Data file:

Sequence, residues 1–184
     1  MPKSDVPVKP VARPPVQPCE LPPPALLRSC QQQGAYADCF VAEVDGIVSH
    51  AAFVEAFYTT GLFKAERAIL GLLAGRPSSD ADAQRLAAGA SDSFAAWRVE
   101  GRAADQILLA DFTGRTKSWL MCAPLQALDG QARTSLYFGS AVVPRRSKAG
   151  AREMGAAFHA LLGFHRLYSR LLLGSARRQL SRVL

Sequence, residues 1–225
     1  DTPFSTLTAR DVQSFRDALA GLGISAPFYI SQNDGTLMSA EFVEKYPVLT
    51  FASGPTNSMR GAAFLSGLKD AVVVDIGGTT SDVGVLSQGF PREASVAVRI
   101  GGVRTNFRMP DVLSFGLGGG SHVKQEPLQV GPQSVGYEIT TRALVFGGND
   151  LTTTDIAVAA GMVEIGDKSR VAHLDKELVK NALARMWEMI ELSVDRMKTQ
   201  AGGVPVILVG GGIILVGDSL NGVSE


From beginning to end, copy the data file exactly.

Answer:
Sequence, residues 1–184
     1  MPKSDVPVKP VARPPVQPCE LPPPALLRSC QQQGAYADCF VAEVDGIVSH
    51  AAFVEAFYTT GLFKAERAIL GLLAGRPSSD ADAQRLAAGA SDSFAAWRVE
   101  GRAADQILLA DFTGRTKSWL MCAPLQALDG QARTSLYFGS AVVPRRSKAG
   151  AREMGAAFHA LLGFHRLYSR LLLGSARRQL SRVL

Sequence, residues 1–225
     1  DTPFSTLTAR DVQSFRDALA GLGISAPFYI SQNDGTLMSA EFVEKYPVLT
    51  FASGPTNSMR GAAFLSGLKD AVVVDIGGTT SDVGVLSQGF PREASVAVRI
   101  GGVRTNFRMP DVLSFGLGGG SHVKQEPLQV GPQSVGYEIT TRALVFGGND
   151  LTTTDIAVAA GMVEIGDKSR VAHLDKELVK NALARMWEMI ELSVDRMKTQ
   201  AGGVPVILVG GGIILVGDSL NGVSE